Post-COVID recovery continues for NJ’s independent movie theaters
The onset of the COVID-19 pandemic closed movie theaters around the world, including a handful of independently owned and operated art houses in New Jersey not affiliated with major chains.
As shutdowns stretched from weeks into months, the health crisis was thought to be a death knell for historic theaters, like Atlantic Cinemas in Atlantic Highlands, as well as trendy modern ones, such as the Showroom Cinema in Asbury Park.
But nearly two years later, that's not the case, as both of those have reopened under new ownership. So has the Clairidge in Montclair, which was taken over by the team behind the annual Montclair Film Festival.
No one wants to see their local theater close, according to Tom Hall, artistic director and co-head of Montclair Film and the Clairidge, but it's difficult for these small businesses to survive when their industry is still only operating at what Hall said is about 40% of its 2019 levels.
In that kind of climate, if indie theaters do have an advantage over the chains, Hall said, it's that they aren't under corporate pressure.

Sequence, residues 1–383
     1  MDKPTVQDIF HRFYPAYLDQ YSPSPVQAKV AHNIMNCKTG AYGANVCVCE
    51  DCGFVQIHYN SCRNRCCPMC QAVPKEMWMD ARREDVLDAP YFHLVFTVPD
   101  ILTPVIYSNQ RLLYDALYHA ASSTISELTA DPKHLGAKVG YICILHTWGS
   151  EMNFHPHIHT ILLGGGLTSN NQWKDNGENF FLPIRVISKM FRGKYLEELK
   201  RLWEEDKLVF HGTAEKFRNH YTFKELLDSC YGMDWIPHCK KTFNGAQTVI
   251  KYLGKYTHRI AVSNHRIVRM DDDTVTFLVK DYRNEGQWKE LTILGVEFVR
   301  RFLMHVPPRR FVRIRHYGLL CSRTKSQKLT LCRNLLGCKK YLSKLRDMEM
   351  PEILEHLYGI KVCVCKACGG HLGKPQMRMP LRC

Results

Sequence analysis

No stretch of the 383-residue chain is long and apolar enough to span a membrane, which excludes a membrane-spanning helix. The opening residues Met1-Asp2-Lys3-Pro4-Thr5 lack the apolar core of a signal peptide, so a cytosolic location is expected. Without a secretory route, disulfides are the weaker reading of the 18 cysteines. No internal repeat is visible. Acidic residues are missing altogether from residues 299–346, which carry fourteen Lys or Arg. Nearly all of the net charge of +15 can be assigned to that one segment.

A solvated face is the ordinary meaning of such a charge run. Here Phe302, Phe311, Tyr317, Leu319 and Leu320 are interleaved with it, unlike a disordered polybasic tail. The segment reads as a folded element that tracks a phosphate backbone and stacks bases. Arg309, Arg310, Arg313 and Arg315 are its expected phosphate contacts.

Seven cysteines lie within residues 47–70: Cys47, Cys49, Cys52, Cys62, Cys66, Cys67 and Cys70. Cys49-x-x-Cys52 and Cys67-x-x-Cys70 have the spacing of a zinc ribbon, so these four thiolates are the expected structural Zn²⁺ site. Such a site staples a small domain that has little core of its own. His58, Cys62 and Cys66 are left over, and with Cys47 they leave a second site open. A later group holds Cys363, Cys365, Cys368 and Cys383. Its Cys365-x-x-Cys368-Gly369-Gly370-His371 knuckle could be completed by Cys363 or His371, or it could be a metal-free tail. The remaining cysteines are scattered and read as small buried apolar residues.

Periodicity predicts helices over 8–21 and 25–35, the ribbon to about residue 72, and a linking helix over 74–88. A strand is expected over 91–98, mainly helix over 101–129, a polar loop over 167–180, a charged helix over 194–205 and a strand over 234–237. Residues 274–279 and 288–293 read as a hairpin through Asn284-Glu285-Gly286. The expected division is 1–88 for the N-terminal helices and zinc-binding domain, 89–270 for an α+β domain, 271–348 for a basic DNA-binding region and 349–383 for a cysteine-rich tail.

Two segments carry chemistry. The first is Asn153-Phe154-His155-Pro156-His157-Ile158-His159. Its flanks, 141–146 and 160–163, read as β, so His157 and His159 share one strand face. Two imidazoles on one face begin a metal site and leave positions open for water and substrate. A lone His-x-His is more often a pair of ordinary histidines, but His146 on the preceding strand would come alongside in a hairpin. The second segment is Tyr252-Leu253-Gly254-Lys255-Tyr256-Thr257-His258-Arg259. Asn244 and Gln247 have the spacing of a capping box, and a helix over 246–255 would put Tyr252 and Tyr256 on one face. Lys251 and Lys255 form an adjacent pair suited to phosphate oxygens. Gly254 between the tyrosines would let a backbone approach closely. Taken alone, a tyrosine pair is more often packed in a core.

They want to be successful and profitable, even if they are technically nonprofits like the Clairidge is, but each is on its own timeline.
"We planned for that, to have a sort of slow buildup back to, we hope, prior numbers, but there's no guarantee that that's going to happen," Hall said.
'Older and a little more cautious'
What helps too, according to Hall, is that the independent houses may have built or are building a consistent customer base, who may be more willing to provide feedback on how a specific theater can continue to evolve along with the times as opposed to a chain.
For instance, at the Clairidge, following the lead of Broadway shows, both mask-wearing and COVID vaccination proof are continuing as conditions for entry for now.
"Our audiences tend to be older and a little more cautious in terms of returning to movie theaters, so we want to make sure that it's safe and healthy for them," Hall said.
His theater also offers a membership program through which participants can get discounts on tickets and concessions, which are incentives to keep people coming back for more.
'Showing things ... just to see if people will turn up in person. Turns out they do'
Collectively, theaters such as these know the niche they fill, according to Hall. They aren't where patrons go to see "Spider-Man: No Way Home."
But what they can offer, he said, is "something that you can't get at home" — even if you can.
"Whether that be a Q&A with a filmmaker, a conversation, and creating programs where the community can actually invest in the theater," Hall said. "We're learning as we go, we're taking chances, we're showing things that are available on streaming sometimes, just to see if people will turn up in person. Turns out they do."